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I'm Not Your Sweet Babboo! by Charles M. Schulz This work is considered exceptional by our editorial staff.

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One of the most memorable lines from Peanuts is Linus telling Sally, “I’m not your sweet babboo!” For veterans of Charles M. Schulz’s comic strip masterpiece, that’s just one of the punchlines that have stuck over the years. And the gang has been at it for a while: Peanuts has had a career spanning 50 years, and Schulz is recognized today as a landmark in comics literature. The collection I’m Not Your Sweet Babboo! by Schulz is just one of them.

I don’t remember when I started reading Peanuts. It seemed like it was always there. The punchlines were subtle, the humor simple and memorable. For a comic strip that centers around a bunch of “li’l folks,” Peanuts is no ordinary kids story. The main characters, for one, aren’t what you’d expect. There’s that wishy-washy, round-headed kid named Charlie Brown; Lucy, professional “fussbudget”; Schroeder, a Beethoven fanatic; Linus, a bundle of insecurities; and Snoopy, an imaginative beagle on the hunt for his WWI nemesis, the Red Baron.

If the setup seems outlandish, it probably is--but while Peanuts is filled with endless imagination, the gang’s adventures are rooted in everyday life. The classic four square panels of Charlie Brown being miserable are often the most rewarding. Schulz’s trademark “Good grief!” is used in abundance, as Schulz manages to find the richest humor in the gang’s exasperation, existential crises, to nobly hopeless shenanigans--Lucy’s determination to count all the world’s raindrops, for example, where no one has gone before!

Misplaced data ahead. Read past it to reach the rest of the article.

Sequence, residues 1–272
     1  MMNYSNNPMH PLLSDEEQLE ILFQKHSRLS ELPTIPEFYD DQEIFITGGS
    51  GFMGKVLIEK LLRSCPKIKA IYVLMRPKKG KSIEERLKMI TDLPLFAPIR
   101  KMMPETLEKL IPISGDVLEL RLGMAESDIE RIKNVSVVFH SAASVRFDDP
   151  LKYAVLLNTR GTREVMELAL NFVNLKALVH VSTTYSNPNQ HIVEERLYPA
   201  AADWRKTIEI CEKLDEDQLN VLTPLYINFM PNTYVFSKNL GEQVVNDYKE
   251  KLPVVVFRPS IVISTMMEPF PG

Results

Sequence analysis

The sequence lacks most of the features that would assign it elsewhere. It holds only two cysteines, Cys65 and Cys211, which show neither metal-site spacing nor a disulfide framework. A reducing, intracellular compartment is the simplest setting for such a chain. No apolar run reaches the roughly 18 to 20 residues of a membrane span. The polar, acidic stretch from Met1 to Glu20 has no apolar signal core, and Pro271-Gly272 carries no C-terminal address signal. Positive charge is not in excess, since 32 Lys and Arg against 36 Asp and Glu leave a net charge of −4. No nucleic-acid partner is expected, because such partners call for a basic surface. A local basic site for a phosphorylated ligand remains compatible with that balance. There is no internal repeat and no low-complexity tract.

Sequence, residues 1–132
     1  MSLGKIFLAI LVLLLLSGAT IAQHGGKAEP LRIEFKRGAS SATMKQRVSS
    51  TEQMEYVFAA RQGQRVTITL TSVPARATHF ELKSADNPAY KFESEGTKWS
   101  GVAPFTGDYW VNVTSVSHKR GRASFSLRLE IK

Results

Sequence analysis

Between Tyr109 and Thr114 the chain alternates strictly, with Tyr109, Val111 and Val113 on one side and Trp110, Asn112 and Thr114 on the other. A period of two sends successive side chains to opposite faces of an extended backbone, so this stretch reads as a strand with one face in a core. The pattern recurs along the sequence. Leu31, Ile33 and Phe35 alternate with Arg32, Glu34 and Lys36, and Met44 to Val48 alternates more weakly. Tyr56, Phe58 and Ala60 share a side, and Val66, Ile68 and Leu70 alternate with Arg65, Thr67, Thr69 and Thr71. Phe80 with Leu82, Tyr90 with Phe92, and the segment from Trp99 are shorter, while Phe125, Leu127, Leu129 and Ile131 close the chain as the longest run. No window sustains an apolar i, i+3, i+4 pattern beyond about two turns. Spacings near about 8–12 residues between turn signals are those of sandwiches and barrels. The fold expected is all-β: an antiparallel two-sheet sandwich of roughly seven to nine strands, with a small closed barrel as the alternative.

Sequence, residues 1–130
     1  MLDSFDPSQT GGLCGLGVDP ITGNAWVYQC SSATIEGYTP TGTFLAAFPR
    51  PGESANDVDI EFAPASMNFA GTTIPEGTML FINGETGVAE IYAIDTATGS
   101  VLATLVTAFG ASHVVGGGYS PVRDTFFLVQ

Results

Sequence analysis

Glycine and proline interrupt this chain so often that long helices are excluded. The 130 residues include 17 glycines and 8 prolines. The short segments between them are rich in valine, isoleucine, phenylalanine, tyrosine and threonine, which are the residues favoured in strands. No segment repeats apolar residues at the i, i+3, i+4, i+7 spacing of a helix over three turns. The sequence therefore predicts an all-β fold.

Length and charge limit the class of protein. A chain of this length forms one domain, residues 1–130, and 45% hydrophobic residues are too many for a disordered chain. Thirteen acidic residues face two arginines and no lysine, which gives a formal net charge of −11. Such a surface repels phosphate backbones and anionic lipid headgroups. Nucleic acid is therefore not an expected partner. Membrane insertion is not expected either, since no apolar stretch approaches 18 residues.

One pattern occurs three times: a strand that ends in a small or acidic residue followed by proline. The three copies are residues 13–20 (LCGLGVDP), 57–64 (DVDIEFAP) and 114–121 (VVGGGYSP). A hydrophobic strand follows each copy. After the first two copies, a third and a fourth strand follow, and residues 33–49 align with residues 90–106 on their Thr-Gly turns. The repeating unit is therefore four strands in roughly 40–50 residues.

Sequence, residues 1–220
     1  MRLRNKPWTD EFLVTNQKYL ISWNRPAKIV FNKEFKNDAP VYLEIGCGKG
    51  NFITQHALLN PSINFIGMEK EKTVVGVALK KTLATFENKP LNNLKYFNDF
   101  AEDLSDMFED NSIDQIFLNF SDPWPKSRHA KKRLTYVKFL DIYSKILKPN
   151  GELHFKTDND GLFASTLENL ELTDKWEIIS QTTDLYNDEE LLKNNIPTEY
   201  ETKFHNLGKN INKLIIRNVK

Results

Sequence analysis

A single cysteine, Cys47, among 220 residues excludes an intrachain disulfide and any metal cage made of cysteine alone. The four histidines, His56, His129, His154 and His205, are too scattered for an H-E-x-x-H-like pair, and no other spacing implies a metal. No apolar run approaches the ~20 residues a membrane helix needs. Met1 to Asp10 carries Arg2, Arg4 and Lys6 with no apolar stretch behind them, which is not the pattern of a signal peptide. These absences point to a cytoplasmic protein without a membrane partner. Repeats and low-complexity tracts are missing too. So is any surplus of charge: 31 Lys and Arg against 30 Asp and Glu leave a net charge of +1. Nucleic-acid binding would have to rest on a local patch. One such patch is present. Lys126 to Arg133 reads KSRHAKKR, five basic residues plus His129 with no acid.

Schulz is brilliant in his ability to create complete characters. Charlie Brown might only be eight years old, but his struggles are universal. From battling a kite-eating tree, to mustering the courage to say hello to the Little Red-Haired Girl during lunch, Charlie Brown has done it all. We are shown characters that are full of layers: at times laughably self-pitying, other times maddeningly endearing. It’s impossible not to see ourselves in them. While Schulz’s humor is subtle, there’s nothing trashy about it. His versatile art never fails to bring a smile to your face. Though, as Linus would say, “I’m not your sweet babboo!”




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